Pot dispensaries, an answer to budget shortfalls?
January 30, 2012
Federal and city authorities continue to send conflicting messages to those Californians looking to open marijuana dispensaries. [SFChronicle]
This February, officials within the city of Oakland are expected to grant permits to four new pot shops, doubling the number of dispensaries in the city.
The city’s motivation behind granting the permits is partially finance-related. Oakland receives $60,000 in payment from each dispensary that the city grants a permit. Additionally, the city receives a five percent tax on the business each year.
Oakland rakes in nearly $1 million annually from marijuana dispensaries. And California as a whole makes more than 100 times that amount each year from such taxes.
Some local government officials are in favor of the new shops. “…The reality is that if we go ahead and issue the permits and make sure they (the dispensaries) are managed well, follow the rules and don’t become a nuisance to their neighbors, that is in the public’s interest,” Oakland City Councilman Ignacio De La Fuente said to the San Francisco Chronicle.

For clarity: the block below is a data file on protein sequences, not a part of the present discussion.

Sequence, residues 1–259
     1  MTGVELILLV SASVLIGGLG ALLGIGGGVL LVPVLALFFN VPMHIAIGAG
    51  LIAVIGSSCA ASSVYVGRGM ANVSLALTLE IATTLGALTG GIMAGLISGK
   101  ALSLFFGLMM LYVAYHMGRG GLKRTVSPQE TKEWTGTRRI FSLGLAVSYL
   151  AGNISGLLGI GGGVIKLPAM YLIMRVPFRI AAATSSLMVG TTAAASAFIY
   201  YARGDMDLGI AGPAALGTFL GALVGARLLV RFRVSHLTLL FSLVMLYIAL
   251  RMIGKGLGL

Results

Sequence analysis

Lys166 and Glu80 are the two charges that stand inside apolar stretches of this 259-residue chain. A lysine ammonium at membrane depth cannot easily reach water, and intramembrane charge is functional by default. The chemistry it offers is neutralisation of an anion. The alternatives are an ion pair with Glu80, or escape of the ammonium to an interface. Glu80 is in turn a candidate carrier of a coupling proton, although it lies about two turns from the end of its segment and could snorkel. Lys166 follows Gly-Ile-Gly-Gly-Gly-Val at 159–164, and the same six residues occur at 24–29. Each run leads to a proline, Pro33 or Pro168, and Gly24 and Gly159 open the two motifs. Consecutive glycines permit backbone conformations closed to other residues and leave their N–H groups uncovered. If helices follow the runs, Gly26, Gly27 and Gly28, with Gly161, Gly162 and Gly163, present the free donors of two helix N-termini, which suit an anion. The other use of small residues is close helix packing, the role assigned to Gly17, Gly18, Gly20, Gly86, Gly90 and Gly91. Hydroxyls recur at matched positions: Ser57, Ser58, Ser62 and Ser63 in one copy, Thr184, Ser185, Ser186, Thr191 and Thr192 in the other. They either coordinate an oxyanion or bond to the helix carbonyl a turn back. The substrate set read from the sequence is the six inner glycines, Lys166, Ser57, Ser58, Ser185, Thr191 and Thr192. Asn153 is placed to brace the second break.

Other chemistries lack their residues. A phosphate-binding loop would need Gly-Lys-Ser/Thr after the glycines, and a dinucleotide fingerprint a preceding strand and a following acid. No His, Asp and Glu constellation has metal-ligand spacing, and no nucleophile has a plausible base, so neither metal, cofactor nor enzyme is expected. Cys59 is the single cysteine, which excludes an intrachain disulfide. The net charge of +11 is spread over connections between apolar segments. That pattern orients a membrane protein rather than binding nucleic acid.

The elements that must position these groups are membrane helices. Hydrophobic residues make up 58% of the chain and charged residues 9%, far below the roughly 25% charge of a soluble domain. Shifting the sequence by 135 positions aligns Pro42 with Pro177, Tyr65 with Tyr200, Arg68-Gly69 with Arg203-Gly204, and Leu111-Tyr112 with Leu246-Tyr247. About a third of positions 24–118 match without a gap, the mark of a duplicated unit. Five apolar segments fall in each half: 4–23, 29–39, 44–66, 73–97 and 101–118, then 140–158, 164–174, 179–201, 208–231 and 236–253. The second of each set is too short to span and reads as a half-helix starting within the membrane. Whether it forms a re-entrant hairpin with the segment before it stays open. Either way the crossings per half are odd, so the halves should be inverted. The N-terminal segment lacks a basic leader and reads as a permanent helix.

Meanwhile, federal authorities continue the cannabis crackdown which is credited with eliminating more than 200 pot dispensaries throughout the state since fall 2011.
In November of 2011, a state appeals court decided that cities and counties have the power to ban marijuana shops within their jurisdictions. [LATimes]
“The recent decisions could give the state Supreme Court an opportunity to address critical issues that remain unsettled 15 years after voters made California the first state to allow medical use of marijuana,” the LA Times said. “Despite the state’s groundbreaking status, its medical marijuana program is the most tumultuous.”